Our list of kids who write book blogs was incredibly popular – seems like there’s lots of interest in blogging about children’s books, and reading reviews written by kids.
So for anyone who’s thinking of starting a book review blog, we’ve invited one of the UK’s leading teen book bloggers, thirteen year old Ruby from Feed Me Books Now to share her top tips for successful children’s book blogging.
Take it away Ruby…
1) Blog how you want to
There are no strict guidelines for book blogging. It’s not like you HAVE to review this book or you HAVE to do that top 10 list; do what you want, it’s your blog! There’s no ‘book blogging code’ or ‘magic formula — you just write about the books that interest you! And surprisingly enough, people seem to like it when you do your own thing. Really, if you look at all my blog stats and stuff, the posts with the most views and comments are the crazy ones! And that brings my to my first blogging tip: blog how you want to, not how others do. Simples! *squeak*
2) Be fun!
Whenever I’m looking at the titles of blog posts, the ones that catch my eye are always the quirkiest. I didn’t realise this to begin with though… When I first started Feed Me Books Now, my blog titles were B-O-R-I-N-G! *Yawn* Seriously, they used to be so dull! Now, I try to have fun with my blog titles, and name them things I consider interesting. For example, if I’ve got a new book: ‘Mwahahaha, look what I’ve got my hands on!’ Really, being fun is a must-need! It seems obvious, right? And you’re probably wondering how it didn’t occur to me at first, but I was so focused on getting content for my blog that I wasn’t really thinking that nobody would read my tiresome rants!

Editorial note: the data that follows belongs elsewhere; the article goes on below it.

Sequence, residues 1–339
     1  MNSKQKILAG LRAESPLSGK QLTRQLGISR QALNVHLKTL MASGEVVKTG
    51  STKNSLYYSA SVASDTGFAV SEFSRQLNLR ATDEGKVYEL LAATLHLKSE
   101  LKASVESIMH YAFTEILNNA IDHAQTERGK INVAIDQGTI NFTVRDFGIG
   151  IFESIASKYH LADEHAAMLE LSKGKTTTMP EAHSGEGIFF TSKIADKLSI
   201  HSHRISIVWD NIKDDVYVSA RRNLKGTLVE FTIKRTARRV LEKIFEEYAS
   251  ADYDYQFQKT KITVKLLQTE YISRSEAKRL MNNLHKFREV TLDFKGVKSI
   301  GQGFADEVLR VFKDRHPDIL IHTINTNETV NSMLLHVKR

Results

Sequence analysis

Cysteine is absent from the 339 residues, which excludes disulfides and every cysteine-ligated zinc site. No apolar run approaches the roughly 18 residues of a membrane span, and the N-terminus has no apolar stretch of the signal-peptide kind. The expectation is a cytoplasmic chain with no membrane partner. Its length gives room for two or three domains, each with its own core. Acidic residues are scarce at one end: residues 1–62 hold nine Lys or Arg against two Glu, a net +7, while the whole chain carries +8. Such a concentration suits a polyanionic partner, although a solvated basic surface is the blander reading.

3) Write in tongue-in-cheek style
Everything good about my blog I have gotten from my mistakes — no, I’m not saying that to be all cheesy. I’m telling the truth… When I first started writing reviews, they were written in a really dull tone. And nobody wants to read a dull review, do they now? But then, one evening, that point occurred to be and I decided to scrap my old writing style and find a new voice. I wrote a post that night in a sort of tongue-in-cheek way, and I got triple the usual amount of comments… AND I discovered how much more fun it was! Really, writing tongue-in-cheek is so much fun and readers love it!
4) Have fun
This point is different to number two, in the sense it isn’t about coming across as fun but actually having fun yourself. Blogging isn’t your job, it’s a hobby and so you don’t have to take it seriously — mess around a bit and blog what you want (number one)! If a meme looks like fun, do it! Don’t write about what you think the reader will want, write about what you find fun and hopefully they’ll also find it fun! Have fun with blogging and make it something you’ll actually look forwards to — don’t make it seem like extra homework!
5) Look at other people’s blogs
The best thing about being part of the blogosphere is that there are tonnes of other beautiful blogs! And the best thing about those blogs is that they can be your inspiration. So, still blog in your own way, but look at other people’s top 10s to see what you would change, or compare your reviews… It’s fascinating to compare your stuff to other people’s, as everybody has their own opinion and everybody blogs in their own way! Really, I seem to spend more time looking at other people’s blogs than working on my own..!
You can read more from Ruby at Feed Me Books Now